India prime minister Narendra Modi and US president Donald Trump were silent on climate change after their meeting at the White House on Monday.
Sidestepping the two leaders’ divergent positions on the Paris climate deal, the state visit focused on trade, migration and military cooperation. Modi and Trump gave every appearance of friendship, sharing several hugs and handshakes during the visit.
That was at odds with the hostile tone Trump struck towards India when he announced plans to pull the US out of the Paris agreement earlier this month.
“India makes its participation contingent on receiving billions and billions and billions of dollars in foreign aid from developed countries,” he said. “This agreement is less about the climate and more about other countries gaining a financial advantage over the United States.”
In response, Modi said India would go “above and beyond” its commitment to the deal, as part of “our duty to protect Mother Earth”. Modi’s environment minister Harsh Vardhan said the country would pursue climate action “irrespective of the stand of anyone, anywhere in the world”.
A comment by Modi placed in the Wall Street Journal ahead of Monday’s summit made no reference to Paris. Renewable energy was mentioned as an area for cooperation alongside gas, nuclear and “clean coal” to meet India’s growing energy demand.
Look forward to welcoming India’s PM Modi to @WhiteHouse on Monday. Important strategic issues to discuss with a true friend!
— President Trump (@POTUS) June 24, 2017
Manish Bapna of the World Resources Institute said the omission of climate change “signifies discord, not apathy, on climate, and lies in stark contrast to the productive US-India talks of recent years”.
Some cooperation continues on clean energy, he noted, citing a recent US pledge of $7.5 million towards a joint initiative to develop smart power grids.
But he added the leaders’ shared goals of international security and economic growth were threatened by global warming: “Vulnerability to climate impacts foments political instability, and countries cannot make lasting development gains without acting on climate change.”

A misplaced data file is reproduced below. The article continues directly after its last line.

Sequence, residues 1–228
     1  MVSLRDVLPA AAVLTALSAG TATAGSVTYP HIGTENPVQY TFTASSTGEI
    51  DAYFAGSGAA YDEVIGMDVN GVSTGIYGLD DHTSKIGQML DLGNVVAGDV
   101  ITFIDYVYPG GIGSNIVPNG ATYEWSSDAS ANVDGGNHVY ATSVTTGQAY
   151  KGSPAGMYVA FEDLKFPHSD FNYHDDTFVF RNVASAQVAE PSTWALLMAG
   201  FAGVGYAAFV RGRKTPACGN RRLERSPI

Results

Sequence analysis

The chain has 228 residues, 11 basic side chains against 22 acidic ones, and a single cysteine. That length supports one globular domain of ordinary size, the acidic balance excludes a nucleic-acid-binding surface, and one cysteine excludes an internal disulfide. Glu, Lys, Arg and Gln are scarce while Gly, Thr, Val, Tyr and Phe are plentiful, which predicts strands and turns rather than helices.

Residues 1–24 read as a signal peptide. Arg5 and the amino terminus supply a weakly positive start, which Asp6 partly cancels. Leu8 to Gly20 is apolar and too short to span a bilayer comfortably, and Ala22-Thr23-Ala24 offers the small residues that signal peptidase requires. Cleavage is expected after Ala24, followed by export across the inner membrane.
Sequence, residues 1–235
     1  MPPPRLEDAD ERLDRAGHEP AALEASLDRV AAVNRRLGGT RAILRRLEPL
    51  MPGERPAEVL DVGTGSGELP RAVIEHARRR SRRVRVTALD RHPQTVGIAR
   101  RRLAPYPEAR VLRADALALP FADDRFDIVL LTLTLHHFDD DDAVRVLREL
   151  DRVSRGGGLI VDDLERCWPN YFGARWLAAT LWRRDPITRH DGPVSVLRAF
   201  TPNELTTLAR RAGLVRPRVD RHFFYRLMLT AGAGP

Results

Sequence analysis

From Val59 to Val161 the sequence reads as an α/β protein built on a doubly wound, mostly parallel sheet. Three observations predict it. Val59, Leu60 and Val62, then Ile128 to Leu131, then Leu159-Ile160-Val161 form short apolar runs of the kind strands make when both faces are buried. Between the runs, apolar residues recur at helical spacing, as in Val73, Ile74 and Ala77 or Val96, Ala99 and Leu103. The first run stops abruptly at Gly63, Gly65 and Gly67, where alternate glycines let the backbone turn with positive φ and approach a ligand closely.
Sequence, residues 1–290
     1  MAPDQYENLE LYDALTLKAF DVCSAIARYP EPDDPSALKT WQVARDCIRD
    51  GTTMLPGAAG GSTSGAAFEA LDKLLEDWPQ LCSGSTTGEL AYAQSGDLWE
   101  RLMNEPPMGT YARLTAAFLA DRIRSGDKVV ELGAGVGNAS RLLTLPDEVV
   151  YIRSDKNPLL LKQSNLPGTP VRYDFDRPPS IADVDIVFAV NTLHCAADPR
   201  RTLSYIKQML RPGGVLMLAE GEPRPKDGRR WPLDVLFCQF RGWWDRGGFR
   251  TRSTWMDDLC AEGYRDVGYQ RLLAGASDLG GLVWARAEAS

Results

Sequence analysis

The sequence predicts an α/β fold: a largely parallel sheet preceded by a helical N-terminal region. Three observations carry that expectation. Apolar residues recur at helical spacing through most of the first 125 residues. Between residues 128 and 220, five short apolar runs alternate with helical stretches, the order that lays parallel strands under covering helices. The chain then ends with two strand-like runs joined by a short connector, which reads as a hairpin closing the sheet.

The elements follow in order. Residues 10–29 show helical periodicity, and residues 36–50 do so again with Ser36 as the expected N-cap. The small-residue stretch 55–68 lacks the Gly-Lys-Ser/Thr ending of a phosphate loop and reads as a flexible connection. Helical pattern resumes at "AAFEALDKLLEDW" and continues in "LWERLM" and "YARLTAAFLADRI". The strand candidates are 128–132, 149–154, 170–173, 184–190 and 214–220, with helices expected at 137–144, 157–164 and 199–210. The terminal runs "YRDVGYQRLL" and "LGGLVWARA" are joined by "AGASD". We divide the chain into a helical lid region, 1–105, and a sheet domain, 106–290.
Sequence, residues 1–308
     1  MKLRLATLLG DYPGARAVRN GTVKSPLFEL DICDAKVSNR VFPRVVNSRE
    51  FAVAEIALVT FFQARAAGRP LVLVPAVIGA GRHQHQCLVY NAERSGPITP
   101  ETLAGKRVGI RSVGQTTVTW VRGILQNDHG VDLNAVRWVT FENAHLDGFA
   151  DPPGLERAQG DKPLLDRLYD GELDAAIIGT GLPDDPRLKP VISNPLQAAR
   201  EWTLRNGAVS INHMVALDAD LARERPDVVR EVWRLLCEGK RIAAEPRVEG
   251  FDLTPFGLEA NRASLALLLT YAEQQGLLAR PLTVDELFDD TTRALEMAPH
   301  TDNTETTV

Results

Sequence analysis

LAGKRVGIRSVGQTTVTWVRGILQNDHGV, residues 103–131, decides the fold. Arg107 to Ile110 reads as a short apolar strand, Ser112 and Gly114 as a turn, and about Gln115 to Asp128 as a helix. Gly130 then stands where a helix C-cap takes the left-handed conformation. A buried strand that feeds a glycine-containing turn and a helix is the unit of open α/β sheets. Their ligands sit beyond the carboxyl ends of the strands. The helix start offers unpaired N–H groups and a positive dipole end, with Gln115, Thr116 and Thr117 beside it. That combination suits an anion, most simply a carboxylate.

In its contribution to the Paris Agreement, India pledged to get 40% of its electricity from non-fossil fuel sources by 2030 and cut its greenhouse gas emissions for each unit of GDP by a third.
Meeting that goal would require $2.5 trillion worth of investment, it estimated, without specifying how much of that would be met from domestic funds.
Energy minister Piyush Goyal consistently touts business opportunities in renewables, celebrating record low solar power prices. He has also set out his ambition for India’s sizeable auto industry to produce only electric vehicles by 2030.
At the same time, he has stressed that coal will be the mainstay of the power system for the foreseeable future, as the government aims to expand access. Hundreds of millions of Indians are not connected to the power grid.
The US is the world’s second biggest carbon emitter after China. The average US citizen is responsible for nearly ten times the emissions of an average Indian.
Yet Trump maintains the Paris deal was unfair because the US was closing coal plants and mines while developing countries expanded their coal sectors.
He is refusing to honour the emissions reduction and financial aid pledges set by his predecessor Barack Obama, which were never legally binding.
Several states, cities and businesses have declared “we’re still in” the Paris agreement, promising to act regardless of the White House position.